Crocker Coulson is the founder and CEO of AUM Media Inc., a business management consulting firm based out of Brooklyn, New York. With years of industry-related experience, their team of professionals works diligently to develop corporate strategies for public and private companies. As a highly motivated individual, Coulson takes pride in providing businesses with the tools and resources needed for sustainable and long-term growth.
Alongside his professional obligations, Coulson is also a committed father and active member of his local community. He currently serves as Chairman of the Board of Trustees of MUSE Academy, a non-profit independent school. He is a director and the former chair of the Brooklyn Music School, a community music school that makes music instruction accessible to a wide range of families in Brooklyn.
What do you love most about the industry you are in?
I love that I’m dealing with very bright, highly motivated people. If you somehow made it to be CEO of a company, it means you had a lot of drive, and you figured out something unique to offer your customers and employees. It’s enjoyable to deal with people like that. On the other hand, dealing with the investment community, sometimes there might be difficult personalities, but overall, the people are all super bright. They have incisive analytical skills, and they will cut to the heart of the matter with questions that you didn’t anticipate. That keeps your brain moving, and I like that.
What keeps you motivated?
I’ve had two sides to my life that have different motivations. In my work life, I’d say I’m motivated by learning new things and taking on new challenges that I’ve never faced before. I’m always trying to find something that’s going to keep me mentally engaged, and obviously, I’m motivated to provide for my family, which I think most people would say if they’re truthful.
In my philanthropic work, I’m motivated to create opportunities for kids that might not have had access to that type of education. I play a small part in a team that allows these children to reach their full potential and discover sides of themselves that they would not have been able to explore in a different educational environment fully. Seeing those transformations happen is beyond rewarding.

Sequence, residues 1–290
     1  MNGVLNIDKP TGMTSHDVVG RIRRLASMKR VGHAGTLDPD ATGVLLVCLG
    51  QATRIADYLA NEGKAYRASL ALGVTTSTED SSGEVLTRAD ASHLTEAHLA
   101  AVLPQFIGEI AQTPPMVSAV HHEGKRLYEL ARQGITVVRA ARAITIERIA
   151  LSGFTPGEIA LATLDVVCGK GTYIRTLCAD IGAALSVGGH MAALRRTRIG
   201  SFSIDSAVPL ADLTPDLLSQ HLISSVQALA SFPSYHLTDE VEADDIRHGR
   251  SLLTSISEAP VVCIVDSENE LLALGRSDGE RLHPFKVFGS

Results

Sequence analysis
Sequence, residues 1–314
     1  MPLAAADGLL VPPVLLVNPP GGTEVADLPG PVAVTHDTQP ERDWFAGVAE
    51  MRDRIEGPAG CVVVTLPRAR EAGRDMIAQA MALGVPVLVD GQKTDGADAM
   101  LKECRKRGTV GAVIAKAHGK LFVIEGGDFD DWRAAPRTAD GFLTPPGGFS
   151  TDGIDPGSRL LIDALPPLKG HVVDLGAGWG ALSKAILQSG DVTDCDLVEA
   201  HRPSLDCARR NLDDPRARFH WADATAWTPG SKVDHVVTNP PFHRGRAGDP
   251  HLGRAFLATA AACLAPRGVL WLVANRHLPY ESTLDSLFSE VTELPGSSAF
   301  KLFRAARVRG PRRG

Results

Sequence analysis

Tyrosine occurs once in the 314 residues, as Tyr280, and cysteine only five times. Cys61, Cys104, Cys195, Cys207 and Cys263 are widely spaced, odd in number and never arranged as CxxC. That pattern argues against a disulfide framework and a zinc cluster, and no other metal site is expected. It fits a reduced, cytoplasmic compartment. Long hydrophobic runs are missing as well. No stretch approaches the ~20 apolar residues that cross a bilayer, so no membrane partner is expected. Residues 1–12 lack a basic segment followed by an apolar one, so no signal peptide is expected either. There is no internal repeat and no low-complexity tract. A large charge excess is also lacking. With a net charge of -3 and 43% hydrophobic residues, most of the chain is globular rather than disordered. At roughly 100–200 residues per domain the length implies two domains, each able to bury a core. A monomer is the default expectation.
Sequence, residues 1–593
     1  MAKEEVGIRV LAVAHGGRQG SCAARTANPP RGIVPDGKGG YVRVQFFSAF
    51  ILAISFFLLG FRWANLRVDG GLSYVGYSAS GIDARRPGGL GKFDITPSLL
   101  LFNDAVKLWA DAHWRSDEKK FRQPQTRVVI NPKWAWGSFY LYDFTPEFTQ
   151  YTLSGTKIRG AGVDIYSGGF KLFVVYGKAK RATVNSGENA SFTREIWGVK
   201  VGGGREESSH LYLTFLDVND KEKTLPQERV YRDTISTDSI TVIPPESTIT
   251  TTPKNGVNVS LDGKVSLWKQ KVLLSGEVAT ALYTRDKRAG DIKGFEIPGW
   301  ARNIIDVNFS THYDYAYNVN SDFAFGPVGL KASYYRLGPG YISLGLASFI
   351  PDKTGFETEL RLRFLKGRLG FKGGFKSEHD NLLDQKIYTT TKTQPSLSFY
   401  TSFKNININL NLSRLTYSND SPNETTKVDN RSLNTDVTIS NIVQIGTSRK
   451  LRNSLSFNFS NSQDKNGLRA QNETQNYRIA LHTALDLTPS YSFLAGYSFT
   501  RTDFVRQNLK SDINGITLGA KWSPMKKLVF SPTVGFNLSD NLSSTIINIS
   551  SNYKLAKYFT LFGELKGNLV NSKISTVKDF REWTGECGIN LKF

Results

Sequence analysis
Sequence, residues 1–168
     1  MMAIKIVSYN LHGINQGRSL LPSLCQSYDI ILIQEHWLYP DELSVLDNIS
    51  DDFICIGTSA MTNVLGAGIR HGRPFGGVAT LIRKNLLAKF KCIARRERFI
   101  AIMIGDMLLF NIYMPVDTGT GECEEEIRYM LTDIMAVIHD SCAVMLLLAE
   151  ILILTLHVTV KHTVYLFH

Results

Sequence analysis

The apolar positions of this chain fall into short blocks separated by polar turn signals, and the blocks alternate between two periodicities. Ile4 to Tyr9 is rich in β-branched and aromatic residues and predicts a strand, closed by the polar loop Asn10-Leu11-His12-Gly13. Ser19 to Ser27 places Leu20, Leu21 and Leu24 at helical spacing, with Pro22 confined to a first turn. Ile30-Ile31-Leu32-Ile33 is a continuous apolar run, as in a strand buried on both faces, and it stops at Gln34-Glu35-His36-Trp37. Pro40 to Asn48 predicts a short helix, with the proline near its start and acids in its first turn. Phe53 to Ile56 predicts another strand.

How do you motivate others?
The most important thing to motivate people is to help them understand why their work is meaningful. Money and compensation are important to everybody. But I think that even more critical for most people – although this may not be true on Wall Street – is they want to feel like they’re doing work that’s important. They want to feel like their specific contribution is unique and valued and that their skills and opinions are respected.
If you want to motivate people, you have to help them understand why their work is valuable. If you have to provide constructive criticism, you always have to keep in mind the 80/20 rule, where 80% of the time they’re getting very positive reinforcement from you and then maybe 20% of the time are some ideas for how they can do a little better. I think there’s a tendency for people – and I have a bit of a micromanager personality, so I can fall prey to this if I’m not careful – to focus more on the “how can we improve” part. Motivation takes practice, and the last thing you want is for your employees to suffer from burnout.
Where do you get your inspiration from?
My father, Robert Coulson, is the biggest inspiration for me. He died a couple of years ago. He was a guy whose first career was as a corporate lawyer with a Wall Street firm. He was not very successful at it. It was a prestigious firm, but he did not move up the ranks and didn’t enjoy the work. He spent as much time as he could racing ocean yachts or doing other things that he was more engaged with.
When he reached his late thirties, he transitioned to work for the American Arbitration Association, and after a couple of years, he became president of that organization. He had found his life’s passion, and from that point on, he was just locked in. He loved the mission, he loved public speaking, and he wrote over a dozen books on various aspects of arbitration. In my father, I saw a guy who had stumbled and then found his calling. They had to literally kick him out the door. He went three years past mandatory retirement. They had to step in and say, “Okay, Bob. This is enough! We’re locking the door. Go home!” He made for quite an example to live up to.